Central American leaders accuse US of stonewalling peace plan. Envoy Habib pushes for contra participation in regional peace talks

By , Staff writer of The Christian Science Monitor

Central American charges that the Reagan administration is trying to torpedo Costa Rica's peace plan for the region are being strongly echoed in Washington. Last week after returning from a recent trip through Central America, Philip Habib, President Reagan's special envoy, addressed a special meeting of high-ranking senators and their aides.

Participants in the meeting say Mr. Habib told them ``the US would oppose any plan agreed to by the Central American presidents, be it the Arias plan, or any other that did not take the administration's views and US security interests into account.''

Habib further said, according to a participant, that the trip's primary goal was to make this point clear to the Central Americans. He stated, the participant added, that if the administration felt its views and interests were not reflected in regional agreements it would continue to fund the Nicaraguan contra rebels despite agreements reached by the leaders.

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Habib also told the senators that contra leaders wanted to participate in the meeting of five Central American leaders at Esquipulas, Guatemala, initially scheduled for this week. The meeting has been postponed to August. Habib, who indicated he supported that position, said he had recently visited Miami to advise the contras on what their negotiating stances should be.

Asked about the possibility of contra participation, one close adviser to Costa Rican President Oscar Arias S'anchez said it was ``totally out of the question.'' A top official close to Guatemalan President Marco Vinicio Cerezo Ar'evalo responded that it was ``outrageous.''

US pressures Duarte, official says

This same Guatemalan official confirmed that Habib, during his recent El Salvador trip, had been responsible for getting President Jos'e Napole'on Duarte to ask for a postponement of the meeting. The official said President Duarte personally told Guatemala's president the reason he asked for the postponement was because of US pressure. Analysts say Duarte bowed to US pressure because his government is so dependent on the US.

There has been a spate of Latin American press reports speculating on Duarte's role. According to observers, his prestige in the region has suffered a great blow as a result of the incident.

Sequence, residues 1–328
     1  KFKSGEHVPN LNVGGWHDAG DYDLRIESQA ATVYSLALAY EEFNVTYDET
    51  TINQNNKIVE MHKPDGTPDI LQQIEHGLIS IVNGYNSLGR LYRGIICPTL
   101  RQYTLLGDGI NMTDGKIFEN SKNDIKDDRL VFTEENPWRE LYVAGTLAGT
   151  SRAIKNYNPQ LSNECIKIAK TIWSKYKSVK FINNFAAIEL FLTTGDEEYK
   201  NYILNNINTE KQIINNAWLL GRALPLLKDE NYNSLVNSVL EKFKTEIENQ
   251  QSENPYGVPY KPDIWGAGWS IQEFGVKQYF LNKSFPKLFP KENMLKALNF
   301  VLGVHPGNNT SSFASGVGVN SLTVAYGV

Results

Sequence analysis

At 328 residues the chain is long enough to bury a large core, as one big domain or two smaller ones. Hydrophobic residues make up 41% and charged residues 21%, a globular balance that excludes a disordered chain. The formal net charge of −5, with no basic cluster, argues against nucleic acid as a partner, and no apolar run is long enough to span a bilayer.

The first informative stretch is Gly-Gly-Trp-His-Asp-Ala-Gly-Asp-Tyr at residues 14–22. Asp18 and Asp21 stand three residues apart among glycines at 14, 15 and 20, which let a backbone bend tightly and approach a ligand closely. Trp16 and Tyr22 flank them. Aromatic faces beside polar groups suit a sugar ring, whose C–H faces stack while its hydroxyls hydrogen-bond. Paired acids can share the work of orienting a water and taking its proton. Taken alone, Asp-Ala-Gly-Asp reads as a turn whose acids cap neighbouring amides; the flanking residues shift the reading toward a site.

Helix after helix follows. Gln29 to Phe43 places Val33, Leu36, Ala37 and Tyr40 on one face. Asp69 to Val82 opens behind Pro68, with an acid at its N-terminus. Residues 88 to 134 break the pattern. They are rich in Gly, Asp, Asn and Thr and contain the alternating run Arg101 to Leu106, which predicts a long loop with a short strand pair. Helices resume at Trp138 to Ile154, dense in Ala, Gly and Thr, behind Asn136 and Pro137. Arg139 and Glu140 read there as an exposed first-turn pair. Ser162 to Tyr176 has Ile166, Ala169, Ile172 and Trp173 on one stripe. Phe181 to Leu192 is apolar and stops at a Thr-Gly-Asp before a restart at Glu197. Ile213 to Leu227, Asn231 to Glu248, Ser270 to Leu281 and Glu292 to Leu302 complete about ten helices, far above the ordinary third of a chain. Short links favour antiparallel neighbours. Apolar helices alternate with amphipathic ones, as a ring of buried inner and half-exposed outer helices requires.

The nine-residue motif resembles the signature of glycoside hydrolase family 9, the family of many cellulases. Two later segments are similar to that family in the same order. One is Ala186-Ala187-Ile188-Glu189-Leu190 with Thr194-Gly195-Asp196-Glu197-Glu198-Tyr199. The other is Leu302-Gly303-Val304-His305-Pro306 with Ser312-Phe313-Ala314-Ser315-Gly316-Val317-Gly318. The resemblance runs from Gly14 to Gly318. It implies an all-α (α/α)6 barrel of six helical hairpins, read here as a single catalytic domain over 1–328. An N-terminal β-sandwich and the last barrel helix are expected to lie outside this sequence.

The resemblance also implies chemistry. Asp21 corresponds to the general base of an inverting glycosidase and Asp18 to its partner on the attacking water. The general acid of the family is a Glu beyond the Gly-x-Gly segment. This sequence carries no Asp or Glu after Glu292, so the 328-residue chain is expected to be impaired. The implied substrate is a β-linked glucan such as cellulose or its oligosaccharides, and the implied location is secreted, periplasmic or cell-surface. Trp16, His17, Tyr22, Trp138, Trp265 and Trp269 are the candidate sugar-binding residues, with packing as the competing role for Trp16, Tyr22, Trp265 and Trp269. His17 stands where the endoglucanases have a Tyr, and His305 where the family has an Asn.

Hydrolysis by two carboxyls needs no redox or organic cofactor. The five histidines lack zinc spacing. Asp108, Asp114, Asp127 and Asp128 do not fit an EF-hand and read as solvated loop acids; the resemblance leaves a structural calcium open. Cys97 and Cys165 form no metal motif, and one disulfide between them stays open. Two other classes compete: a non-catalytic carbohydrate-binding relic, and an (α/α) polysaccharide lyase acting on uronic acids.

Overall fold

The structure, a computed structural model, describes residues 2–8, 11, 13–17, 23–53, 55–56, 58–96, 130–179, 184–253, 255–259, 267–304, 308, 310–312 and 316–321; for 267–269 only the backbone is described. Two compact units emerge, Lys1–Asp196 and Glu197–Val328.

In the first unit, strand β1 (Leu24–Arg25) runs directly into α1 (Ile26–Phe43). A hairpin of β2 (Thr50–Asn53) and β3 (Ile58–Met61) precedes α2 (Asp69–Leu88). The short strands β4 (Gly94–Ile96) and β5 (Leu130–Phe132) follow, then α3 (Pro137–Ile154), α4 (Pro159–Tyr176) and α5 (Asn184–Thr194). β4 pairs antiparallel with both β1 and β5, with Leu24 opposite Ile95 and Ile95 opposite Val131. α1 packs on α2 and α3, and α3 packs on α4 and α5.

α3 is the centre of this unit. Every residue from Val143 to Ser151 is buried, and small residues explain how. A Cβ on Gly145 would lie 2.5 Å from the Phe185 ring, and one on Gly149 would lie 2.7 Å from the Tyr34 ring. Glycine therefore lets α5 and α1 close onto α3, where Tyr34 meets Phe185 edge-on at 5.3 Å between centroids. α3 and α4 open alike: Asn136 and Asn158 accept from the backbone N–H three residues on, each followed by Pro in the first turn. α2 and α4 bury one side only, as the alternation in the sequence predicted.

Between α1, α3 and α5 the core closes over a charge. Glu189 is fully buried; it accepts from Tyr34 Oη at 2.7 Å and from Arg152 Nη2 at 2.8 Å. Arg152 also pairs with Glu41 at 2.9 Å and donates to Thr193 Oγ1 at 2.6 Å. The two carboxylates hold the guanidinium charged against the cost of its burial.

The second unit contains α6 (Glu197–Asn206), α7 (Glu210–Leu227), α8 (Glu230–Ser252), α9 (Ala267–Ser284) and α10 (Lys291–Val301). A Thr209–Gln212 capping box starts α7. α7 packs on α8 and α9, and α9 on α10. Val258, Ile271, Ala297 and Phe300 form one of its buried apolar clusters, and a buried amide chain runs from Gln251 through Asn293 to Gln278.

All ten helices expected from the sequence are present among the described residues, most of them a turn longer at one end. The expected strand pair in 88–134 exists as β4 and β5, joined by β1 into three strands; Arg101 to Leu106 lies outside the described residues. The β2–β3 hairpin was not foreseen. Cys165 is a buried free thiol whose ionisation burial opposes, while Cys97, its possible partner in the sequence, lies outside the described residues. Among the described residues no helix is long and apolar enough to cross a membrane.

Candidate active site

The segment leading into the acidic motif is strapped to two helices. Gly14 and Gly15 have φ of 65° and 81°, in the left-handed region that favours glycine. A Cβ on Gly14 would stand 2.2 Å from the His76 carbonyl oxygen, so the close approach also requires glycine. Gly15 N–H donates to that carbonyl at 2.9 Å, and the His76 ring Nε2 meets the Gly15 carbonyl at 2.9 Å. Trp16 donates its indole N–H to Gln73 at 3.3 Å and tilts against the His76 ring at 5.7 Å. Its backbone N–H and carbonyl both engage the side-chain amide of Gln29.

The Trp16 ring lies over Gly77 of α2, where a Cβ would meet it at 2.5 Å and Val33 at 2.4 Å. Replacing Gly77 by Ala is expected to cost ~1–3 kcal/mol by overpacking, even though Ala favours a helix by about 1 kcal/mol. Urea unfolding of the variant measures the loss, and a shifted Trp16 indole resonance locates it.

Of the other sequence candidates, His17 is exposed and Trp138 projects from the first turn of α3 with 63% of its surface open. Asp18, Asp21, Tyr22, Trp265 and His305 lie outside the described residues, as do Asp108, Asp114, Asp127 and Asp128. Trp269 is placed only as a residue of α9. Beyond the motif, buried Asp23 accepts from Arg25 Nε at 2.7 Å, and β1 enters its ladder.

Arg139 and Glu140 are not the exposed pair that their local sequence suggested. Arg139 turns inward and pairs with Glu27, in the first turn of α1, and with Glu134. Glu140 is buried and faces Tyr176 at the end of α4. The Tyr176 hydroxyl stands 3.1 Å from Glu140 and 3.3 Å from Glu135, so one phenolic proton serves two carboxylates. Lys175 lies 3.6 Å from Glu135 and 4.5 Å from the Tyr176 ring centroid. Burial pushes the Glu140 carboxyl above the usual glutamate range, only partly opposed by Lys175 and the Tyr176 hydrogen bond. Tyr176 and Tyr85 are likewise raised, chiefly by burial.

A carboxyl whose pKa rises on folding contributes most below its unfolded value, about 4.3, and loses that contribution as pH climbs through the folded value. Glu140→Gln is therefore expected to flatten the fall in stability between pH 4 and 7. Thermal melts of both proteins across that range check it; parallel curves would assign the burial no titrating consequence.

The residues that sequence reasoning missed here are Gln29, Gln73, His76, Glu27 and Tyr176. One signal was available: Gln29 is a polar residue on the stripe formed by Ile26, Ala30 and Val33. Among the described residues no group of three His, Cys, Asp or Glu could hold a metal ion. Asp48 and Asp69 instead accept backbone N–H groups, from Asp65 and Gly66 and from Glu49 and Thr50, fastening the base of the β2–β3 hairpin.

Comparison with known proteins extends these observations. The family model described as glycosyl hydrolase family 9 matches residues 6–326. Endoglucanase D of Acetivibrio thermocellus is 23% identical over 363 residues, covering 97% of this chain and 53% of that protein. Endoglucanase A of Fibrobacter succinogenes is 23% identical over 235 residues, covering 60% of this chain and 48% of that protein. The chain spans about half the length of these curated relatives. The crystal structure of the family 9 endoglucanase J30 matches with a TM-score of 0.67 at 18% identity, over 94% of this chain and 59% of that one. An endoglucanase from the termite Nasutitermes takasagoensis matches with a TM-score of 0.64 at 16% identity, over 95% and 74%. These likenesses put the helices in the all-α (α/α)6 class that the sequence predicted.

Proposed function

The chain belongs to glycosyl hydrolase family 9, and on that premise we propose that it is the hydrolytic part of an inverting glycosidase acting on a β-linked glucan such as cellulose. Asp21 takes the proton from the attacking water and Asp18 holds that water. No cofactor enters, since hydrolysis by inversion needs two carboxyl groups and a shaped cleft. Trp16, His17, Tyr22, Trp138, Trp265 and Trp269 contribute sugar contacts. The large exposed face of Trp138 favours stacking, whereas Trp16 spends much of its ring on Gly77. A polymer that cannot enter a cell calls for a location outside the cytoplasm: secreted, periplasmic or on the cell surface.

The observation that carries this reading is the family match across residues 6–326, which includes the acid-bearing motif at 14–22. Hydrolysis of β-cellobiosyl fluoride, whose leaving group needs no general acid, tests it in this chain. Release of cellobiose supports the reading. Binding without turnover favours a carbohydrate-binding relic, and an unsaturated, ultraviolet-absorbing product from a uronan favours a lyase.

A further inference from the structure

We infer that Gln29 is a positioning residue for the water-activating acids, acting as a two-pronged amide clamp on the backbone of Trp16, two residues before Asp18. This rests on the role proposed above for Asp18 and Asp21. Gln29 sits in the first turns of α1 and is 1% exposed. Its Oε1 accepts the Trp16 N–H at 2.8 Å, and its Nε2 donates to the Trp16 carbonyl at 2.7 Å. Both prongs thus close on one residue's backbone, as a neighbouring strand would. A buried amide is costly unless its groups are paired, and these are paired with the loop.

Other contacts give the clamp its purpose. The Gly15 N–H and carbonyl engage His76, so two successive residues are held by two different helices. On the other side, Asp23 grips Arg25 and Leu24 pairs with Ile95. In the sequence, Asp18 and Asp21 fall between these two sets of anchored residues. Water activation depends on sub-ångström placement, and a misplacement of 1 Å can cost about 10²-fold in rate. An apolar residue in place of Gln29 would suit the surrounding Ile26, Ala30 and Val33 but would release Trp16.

Washington observers and senior Central American officials said the final US objective was not to delay the Esquipulas meeting, but to make sure that it doesn't take place unless it does so on terms very favorable to the US.

The US offensive against the Arias plan may be pushing Costa Rica and Guatemala to take more independent positions on the Central American question.

Adolfo Aguilar, senior associate for Mexican and Central American affairs at the Carnegie Endowment, says: ``I have little doubt that this affair is leading to a certain rupture between the Reagan administration and some of its Central American allies. This is in part due to the perception by many Central Americans that since the Democrats gained control of Congress and Irangate, the Reagan administration is basically crippled.''

This view is supported by highly placed Central Americans.

Loose coalition could emerge

A top Arias adviser said, ``It is very likely that what will emerge from all of this is a loose alliance between Costa Rica, Guatemala, and Nicaragua which will push for a settlement with or without El Salvador. Honduras's position will also probably become less pro-US. Younger Honduran officers, now dominant in the Army, sense US weakness and have taken a more nationalistic position.''

``As for us,'' said the Costa Rican official, ``the decay of the Reagan administration has changed a lot of things. We know the administration has to put up with us speaking badly of their policies and still give us aid. If it tries to cut off aid because of our criticisms, we will portray ourselves as the virgin of Central America, the only true democracy in the region which is being aggressed by the administration's heavy handedness. After talks with Democrats in Congress, I believe they [the Democrats] would love it if the administration tried to cut back aid now.''

Mr. Arias's adviser said the Costa Rican president was taking this hard line despite US attempts to intimidate Arias during his US visit last week.

This was most noticeable in his visit to the White House, when, say Costa Rican officials and US congressional sources, Arias was met by a formidable line up of President Reagan, Vice-President George Bush, National Security Council chief Frank Carlucci, White House chief of staff Howard Baker, and State Department officials Lawrence Whitehead and Elliott Abrams. They proceeded to give Arias ``a severe 65-minute lecture on his mistakes.''

The administration's tactics seem to have backfired. As one senior Central American diplomat in Washington said, ``It is unprecedented to haul up the President of another country and read him the riot act in front of half the US Cabinet.''

The top Guatemalan official indicated Guatemala was also willing to take an increasingly independent stance.

He said that if necessary, Guatemala would push for a meeting of Central American leaders without Duarte. He said Honduras would participate in such a meeting. But if it didn't, the official believed a meeting of only Guatemala, Costa Rica, and Nicaragua would be a ``serious possibility.''

Meanwhile, Nicaragua's president said he would attend the August meeting.

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